Fortunately, a few Universities around the world are still undertaking research in an attempt to create gene tests to identify carriers of the many inherited equine genetic disorders, not only those found in Arabians. The Equine Genome Project is now complete, and a full ‘map’ of the horse’s genes is now available to researchers. Universities also hold vast databanks of DNA, much of it from registered and parent-verified horses of many breeds, with known pedigrees going back generations. These databanks hold the key to the future of equine gene test research.

It is only through the collection of large numbers of samples that these genetic diseases can be studied; the location of the mutant allele established and a genetic carrier test developed, as has been done for SCID. Then, and only then, will breeders have the ability never to breed an affected foal again. This is the ultimate goal of the researchers which will benefit us all. The research teams need to obtain samples from affected foals in order to carry out their work. Owners and breeders of affected horses are being asked to submit samples both from the affected animal(s) and if possible from their related family members, together with their registered identification. It is important to note that these Research Centres all have confidentiality clauses in their sample donation forms so the identity of the affected animals, their pedigrees, breeders and owners are protected against any type of finger pointing or 'witch-hunt' against any particular blood-line, which was an unfortunate side-effect of the early research into SCID.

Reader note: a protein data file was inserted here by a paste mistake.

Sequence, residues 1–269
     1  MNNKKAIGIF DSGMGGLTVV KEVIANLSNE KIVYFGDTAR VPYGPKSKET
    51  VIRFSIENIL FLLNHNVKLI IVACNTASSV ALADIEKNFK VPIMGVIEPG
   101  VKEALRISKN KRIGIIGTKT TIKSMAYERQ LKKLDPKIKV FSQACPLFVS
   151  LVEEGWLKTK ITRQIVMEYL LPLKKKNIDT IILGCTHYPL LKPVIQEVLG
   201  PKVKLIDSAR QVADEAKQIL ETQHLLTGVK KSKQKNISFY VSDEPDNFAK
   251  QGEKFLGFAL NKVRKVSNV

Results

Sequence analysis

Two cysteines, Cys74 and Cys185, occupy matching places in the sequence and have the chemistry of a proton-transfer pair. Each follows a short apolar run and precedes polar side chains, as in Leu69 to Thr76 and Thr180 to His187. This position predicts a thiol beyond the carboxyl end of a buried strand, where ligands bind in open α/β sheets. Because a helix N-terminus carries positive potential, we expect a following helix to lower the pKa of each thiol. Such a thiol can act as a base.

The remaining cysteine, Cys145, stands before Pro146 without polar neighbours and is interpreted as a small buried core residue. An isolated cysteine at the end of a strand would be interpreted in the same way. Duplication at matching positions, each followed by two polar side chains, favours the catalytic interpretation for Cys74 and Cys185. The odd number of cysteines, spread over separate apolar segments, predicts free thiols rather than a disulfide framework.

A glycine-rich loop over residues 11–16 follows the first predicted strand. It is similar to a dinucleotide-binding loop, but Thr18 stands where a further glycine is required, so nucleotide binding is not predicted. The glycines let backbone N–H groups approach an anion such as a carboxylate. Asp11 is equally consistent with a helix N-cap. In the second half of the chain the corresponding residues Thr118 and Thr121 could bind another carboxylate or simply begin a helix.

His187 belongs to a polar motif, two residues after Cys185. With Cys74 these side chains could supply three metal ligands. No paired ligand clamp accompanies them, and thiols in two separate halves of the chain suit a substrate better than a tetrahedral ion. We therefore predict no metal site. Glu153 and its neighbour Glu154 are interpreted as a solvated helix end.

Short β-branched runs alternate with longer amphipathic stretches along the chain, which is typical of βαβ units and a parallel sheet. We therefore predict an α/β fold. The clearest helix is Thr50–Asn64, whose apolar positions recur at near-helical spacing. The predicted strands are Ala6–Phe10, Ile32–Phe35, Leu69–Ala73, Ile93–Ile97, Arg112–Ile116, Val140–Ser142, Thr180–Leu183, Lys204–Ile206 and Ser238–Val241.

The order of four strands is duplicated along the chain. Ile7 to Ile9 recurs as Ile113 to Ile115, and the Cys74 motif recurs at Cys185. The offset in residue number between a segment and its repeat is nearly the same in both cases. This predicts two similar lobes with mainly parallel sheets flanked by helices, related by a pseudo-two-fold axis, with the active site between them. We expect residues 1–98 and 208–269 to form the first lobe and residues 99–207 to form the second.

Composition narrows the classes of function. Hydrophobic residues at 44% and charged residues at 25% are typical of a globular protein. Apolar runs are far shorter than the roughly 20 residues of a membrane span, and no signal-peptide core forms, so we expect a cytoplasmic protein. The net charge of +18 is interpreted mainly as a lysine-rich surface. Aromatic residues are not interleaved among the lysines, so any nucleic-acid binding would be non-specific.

The main reason that this research is taking so long is financial, it is extremely time consuming and expensive to identify the specific genes which cause these disorders, especially when it is into the relatively rare conditions such as Lavender Foal Syndrome, and it will not be successful without further funding. Anyone who wishes to make a donation towards this research should contact the WAHO Office for further information. Please support this research. All communications are welcomed. All information is confidential.